Primary Ciliary Dyskinesia (PCD)

Reviewed by Steven E. Lommatzsch, MD

Primary Ciliary Dyskinesia (PCD) is a genetic disorder that results from abnormalities with the body’s cilia.

This means that the microscopic tubular structures, called “cilia”, that line the larger airways within the lung do not move (ciliary immotility), move abnormally (ciliary dyskinesia), or are absent (aplasia). These small structures are responsible for helping to mobilize mucus from the lung as part of the immune system, and patients get recurrent infections when these structures do not work efficiently, usually leading to a secondary disorder called bronchiectasis. These cilia structures or components are also crucial structures in other parts of the body like nasal/sinus passageways, ear canals, fallopian tubules and sperm. Thus, patients tend to also experience recurrent sinus and ear infections, but other problems like fertility can be an issue.

PCD is a genetically inherited disease that affects women and men equally. Because the cilia during embryonic development are also dysfunctional, body asymmetry can occur randomly, which may result in certain organs of the body forming on the opposite side, such as the heart being on the right instead of the left side of the thoracic cavity and organs of the abdominal cavity also being reversed in position (called situs inversus). This occurrence in combination with bronchiectasis and chronic sinusitis is referred to as Kartagener’s syndrome. Although there is no cure or treatment for PCD, it is important to address some of the long-term health issues that can arise from PCD, such as lung health.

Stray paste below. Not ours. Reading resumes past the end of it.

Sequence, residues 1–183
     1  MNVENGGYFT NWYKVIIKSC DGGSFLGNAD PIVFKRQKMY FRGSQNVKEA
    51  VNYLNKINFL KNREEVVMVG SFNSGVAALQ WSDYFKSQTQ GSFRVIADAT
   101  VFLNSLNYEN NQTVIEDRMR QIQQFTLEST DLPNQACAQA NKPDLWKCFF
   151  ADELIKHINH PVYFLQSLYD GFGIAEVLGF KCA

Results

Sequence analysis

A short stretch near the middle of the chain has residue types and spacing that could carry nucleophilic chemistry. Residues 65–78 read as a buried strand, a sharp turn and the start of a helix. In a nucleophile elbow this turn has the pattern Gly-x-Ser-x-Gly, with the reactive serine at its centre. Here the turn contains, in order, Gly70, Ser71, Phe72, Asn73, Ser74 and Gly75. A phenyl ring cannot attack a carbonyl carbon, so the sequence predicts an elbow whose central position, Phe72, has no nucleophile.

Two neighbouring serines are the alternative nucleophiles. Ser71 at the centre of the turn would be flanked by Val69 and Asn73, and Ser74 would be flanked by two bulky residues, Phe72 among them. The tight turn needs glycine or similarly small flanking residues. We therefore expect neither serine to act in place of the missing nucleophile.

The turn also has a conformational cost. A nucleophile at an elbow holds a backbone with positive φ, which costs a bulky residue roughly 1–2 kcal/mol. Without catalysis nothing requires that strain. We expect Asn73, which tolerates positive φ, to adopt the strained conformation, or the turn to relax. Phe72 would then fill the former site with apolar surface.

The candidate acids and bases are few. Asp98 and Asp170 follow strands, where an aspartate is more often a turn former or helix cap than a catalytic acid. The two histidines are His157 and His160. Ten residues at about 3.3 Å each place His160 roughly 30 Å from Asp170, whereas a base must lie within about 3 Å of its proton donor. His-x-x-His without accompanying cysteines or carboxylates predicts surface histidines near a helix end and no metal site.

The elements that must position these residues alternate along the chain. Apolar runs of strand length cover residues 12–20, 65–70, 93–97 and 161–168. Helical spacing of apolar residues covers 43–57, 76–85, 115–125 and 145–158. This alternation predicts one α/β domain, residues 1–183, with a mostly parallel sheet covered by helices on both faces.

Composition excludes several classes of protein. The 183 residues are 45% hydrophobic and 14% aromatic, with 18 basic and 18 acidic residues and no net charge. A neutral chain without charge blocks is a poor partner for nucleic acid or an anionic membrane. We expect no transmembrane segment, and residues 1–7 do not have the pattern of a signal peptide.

Bronchiectasis is often the most prevalent consequence from PCD. This bronchial airway problem can worsen with time leading to increased cough and mucus from the lung. Patients should be monitored closely for infections and start airway clearance measures to decrease the chance of getting infections. Airway clearance is a cornerstone of bronchiectasis management and can consist of various measures like chest percussion, postural drainage, “flutter” valves, certain nebulized inhaled medication, and vibrating vest systems.

National Jewish Health is committed to a team effort with respiratory therapist (RT), nurses, and physicians working closely together to coordinate a comprehensive individualized treatment plan for each patient. We also believe in a close working relationship with The Children’s Hospital in Denver where fellow PCD experts practice and engage in research. Together we as a community strive to provide exception care to those facing the disease of PCD and its associated conditions.

 

Associated Conditions

  • Rhinosinusitis and otitis
  • Cardiac abnormalities
  • Pyloric stenosis
  • Epispadia
  • Pectus excavatum
  • Scoliosis
  • Humoral immunodeficiency
  • Infertility or decreased fertility
   

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